Article Text


  1. Xie Dong-yang,
  2. Luo Shi-ke
  1. Department of Cardiovascular Medicine, the First Affiliated Hospital of Gannan medical college


    Objectives I. Clinical data

    The patient was a 49-year-old female who presented with complaints of recurrent chest discomfort and serious jaw pain for 7 days. The ECG of the patient made in local hospital showed that the ST-segments were camponotus-like elevation in V2-V6 leads. Then, she was diagnosed as acute anterior wall myocardial infarction and given intravenous thrombolytic therapy with urokinase. The discomfort of chest pain and chest tightness was disappeared 1 h later. The ECG and myocardial enzyme were consistent with the dynamic changes of acute myocardial infarction. The patient had no history of hypertension, coronary heart disease, hyperlipidaemia, diabetes and no family history of premature cardiovascular disease. In recent 3 years, the sick often felt dyspnoea when she was doing hard work. Physical examination showed BP was 126/72 mm Hg and the heart rate was 66/min with a fairly regular rhythm. ECG showed poor R wave progression and abnormal ST-T in lead V3-V6. The echocardiography showed that the sick were rheumatic heart disease with moderate mitral valve stenosis, left atrium thrombus, and weak anterior wall movement. Coronary artery angiography was normal. According to the medical history, we gave the following diagnosis: (1) Acute extensive anterior myocardial infarction (the possible reason was that the falling off of thrombus in left atrium caused anterior descending artery embolism and it became clear after a intravenous thrombolysis); (2) Rheumatic heart disease with moderate mitral valve stenosis and left atrium thrombus. We considered the acute extensive anterior myocardial infarction had nothing to do with coronary atherosclerosis, so we did not use anti-platelet and hypolipidemic drugs, only gave anticoagulant therapy with warfarin when leaving hospital. The echocardiography 3 months later showed that the thrombosis in left atrium was disappeared. The patient was performed replacement of mitral valve successfully in cardiac surgery in December 2011. Now she felt well and keep taking warfarin all the time.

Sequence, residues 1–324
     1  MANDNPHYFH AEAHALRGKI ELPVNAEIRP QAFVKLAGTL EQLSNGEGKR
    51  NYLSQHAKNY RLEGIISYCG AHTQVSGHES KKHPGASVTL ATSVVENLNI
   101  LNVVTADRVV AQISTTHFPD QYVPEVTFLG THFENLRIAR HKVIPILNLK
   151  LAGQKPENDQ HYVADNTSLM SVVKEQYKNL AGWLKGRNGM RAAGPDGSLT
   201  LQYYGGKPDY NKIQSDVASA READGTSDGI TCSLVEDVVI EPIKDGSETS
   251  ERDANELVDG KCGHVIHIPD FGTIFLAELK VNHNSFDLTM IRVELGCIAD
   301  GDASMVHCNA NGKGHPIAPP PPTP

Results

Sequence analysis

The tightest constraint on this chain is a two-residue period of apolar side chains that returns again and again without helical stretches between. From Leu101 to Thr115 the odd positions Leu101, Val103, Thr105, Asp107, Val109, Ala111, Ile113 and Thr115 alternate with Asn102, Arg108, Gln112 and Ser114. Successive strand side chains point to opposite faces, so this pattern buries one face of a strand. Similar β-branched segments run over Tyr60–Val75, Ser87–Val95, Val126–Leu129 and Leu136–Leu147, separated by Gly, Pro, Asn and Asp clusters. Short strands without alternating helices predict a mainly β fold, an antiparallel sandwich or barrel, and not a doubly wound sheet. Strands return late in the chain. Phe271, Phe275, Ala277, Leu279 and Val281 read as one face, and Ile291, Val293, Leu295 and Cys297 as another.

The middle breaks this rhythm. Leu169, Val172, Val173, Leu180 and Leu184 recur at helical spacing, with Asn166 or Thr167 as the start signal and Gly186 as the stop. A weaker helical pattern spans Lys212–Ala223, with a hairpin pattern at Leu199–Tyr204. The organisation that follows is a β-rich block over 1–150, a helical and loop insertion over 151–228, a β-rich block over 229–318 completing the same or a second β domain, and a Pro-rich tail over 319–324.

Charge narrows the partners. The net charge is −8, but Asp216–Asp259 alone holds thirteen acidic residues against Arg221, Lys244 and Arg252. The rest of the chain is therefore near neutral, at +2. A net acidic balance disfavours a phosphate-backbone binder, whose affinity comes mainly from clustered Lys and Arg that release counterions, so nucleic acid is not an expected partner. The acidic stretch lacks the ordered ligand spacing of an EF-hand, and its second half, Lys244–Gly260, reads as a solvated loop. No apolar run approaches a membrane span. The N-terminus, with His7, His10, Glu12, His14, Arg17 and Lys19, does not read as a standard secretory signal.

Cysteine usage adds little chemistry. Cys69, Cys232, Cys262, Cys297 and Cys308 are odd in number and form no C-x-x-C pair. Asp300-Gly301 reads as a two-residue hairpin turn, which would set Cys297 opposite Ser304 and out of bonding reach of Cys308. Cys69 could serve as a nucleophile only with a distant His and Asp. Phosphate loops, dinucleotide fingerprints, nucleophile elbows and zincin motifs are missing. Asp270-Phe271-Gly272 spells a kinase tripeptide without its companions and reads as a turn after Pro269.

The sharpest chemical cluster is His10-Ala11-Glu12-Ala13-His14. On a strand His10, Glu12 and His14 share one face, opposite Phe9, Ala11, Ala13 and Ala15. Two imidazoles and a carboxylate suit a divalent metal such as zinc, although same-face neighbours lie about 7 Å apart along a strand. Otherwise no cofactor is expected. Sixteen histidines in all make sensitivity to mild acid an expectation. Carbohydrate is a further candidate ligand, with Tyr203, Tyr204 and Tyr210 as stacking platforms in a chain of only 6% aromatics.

Methods The most of myocardial infarctions are caused by broken of unstable plaque in coronary artery and some are related with the serious spasm of coronary artery. The rest are caused by some rare reasons such as coronary embolism, injury, deformity or inflammation.

    Results The patient had not yet entered menopause and had on traditional risk factors of coronary heart disease such as high blood-fat, blood-pressure, diabetes, smoking, fatness, hyperhomocysteinemia and premature cardiovascular disease family history. In the whole process of the disease there were typical ischaemic chest pain and the dynamic evolution of ECG and myocardial enzyme which were in accord with the change of the myocardial infarction.

    Conclusions The patient was diagnosed as acute extensive anterior myocardial infarction finally. Considered the coronary angiography of the patient was normal, we summarised that the myocardial infarction was likely caused by break off of the thrombus which brought embolism of left anterior descending arterial and disappeared after intravenous thrombolysis.

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